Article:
Ali Adnan Mohammad:Researcher and observer of political affairs.

Political propaganda is one of the tools for building bridges of political communication between political parties and movements on the one hand and the public on the other hand, and from here political parties and movements seek to reach the largest possible number of audiences through their propaganda and invest in all available capabilities, and when technology has become an integral part of the social and political life, the “internet” in general, and social media in particular, have become a window of political propaganda, and political parties have invested a lot of their human and financial resources in broadcasting their political propaganda through the “internet.”

This reality imposed itself on states and their governments, while many governments were not prepared to deal with this reality, and this is exactly what happened in Iraq, as political parties and movements used the “Internet” and social networking sites in their political propaganda in the absence of laws and policies that limit the use of the Internet in political propaganda, as is the case in traditional propaganda, but the democratic nature of the Iraqi state requires it to adapt to this reality and find the necessary means to adjust the pace of this modern style of propaganda in line with the democratic values ​​adopted by the state, primarily transparency and accountability.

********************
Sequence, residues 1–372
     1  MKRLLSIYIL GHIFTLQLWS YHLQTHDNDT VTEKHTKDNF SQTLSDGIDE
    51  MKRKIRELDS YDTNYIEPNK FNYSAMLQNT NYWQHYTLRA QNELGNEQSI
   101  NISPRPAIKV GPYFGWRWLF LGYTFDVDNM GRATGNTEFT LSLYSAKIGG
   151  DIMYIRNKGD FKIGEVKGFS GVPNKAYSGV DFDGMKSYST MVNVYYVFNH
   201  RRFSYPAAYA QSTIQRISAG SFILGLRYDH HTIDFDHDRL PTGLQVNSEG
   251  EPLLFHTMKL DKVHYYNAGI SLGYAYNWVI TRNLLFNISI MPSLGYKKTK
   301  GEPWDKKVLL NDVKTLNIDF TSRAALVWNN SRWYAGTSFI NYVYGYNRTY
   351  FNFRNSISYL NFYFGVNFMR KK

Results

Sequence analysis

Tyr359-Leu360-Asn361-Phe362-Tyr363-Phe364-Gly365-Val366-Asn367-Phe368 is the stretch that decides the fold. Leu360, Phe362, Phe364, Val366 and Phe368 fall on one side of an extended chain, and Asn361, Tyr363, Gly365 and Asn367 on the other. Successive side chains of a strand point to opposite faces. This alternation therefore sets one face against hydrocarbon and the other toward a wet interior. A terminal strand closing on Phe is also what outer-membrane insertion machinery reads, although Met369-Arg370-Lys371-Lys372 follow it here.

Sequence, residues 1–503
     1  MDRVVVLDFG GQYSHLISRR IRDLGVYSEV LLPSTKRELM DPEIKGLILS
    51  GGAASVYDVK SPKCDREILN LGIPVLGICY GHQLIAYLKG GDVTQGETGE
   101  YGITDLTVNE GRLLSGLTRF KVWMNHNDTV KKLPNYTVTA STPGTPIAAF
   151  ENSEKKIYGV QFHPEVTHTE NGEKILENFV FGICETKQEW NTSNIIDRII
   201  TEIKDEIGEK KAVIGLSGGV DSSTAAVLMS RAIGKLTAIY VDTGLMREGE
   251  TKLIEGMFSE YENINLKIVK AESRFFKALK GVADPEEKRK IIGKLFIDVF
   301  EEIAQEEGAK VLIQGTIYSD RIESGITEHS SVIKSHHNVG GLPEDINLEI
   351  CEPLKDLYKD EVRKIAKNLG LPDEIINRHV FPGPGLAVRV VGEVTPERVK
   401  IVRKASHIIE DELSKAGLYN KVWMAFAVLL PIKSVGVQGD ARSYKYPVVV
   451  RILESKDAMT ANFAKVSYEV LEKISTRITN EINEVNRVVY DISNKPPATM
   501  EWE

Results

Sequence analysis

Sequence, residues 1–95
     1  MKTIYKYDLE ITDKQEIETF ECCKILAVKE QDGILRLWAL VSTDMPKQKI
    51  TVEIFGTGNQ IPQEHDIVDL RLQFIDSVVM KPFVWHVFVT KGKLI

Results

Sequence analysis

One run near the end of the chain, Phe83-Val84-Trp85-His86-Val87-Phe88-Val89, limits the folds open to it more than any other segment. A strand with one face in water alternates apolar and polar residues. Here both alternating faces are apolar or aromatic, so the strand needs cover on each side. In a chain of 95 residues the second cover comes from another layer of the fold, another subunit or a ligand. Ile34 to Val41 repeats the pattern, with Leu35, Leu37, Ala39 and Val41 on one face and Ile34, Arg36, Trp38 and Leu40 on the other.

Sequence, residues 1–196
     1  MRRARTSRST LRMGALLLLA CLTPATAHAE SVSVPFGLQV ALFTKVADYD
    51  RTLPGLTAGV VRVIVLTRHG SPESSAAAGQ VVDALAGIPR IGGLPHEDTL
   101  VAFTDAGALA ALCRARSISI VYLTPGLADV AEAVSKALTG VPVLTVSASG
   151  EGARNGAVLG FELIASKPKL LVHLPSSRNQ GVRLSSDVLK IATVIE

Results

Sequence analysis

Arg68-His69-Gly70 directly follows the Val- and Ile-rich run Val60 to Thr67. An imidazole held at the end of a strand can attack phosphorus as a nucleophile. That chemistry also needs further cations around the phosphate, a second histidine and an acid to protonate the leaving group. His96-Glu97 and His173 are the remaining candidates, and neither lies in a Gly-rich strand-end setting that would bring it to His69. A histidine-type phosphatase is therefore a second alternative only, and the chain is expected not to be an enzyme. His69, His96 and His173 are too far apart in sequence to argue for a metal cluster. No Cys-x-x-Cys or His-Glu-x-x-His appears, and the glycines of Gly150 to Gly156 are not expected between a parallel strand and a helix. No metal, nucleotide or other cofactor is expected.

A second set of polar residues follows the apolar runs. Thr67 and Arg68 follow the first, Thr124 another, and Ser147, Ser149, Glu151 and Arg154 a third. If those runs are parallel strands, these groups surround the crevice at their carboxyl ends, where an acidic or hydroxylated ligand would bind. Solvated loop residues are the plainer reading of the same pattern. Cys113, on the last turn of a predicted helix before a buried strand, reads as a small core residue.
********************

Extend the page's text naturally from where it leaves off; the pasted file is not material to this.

Perhaps the most prominent event that revealed to us the urgent need to adapt to the technological reality of political propaganda was the recent Iraqi elections, in which political parties and movements used social media to advertise and promote candidates, this strategy in Iraq was not new to the world. Which prompted the social media giant (Facebook) to put the library of advertisements on its site, and the advertising library indicates that the expenditures on advertisements (political, electoral, and social) in Iraq amounted to (719,096) US dollars from “August” 2021 until the 6th of “January” 2022, with a (50,315) promotional advertisement.

In fact, this spending on political advertising is a legitimate right of political parties and it is assumed that it can increase in the coming days. However, subjecting these expenditures to a certain context of transparency is necessary to provide protection for the right of political parties to spend, the public’s right to know the sources of these funds, and the oversight institutions’ right to accountability.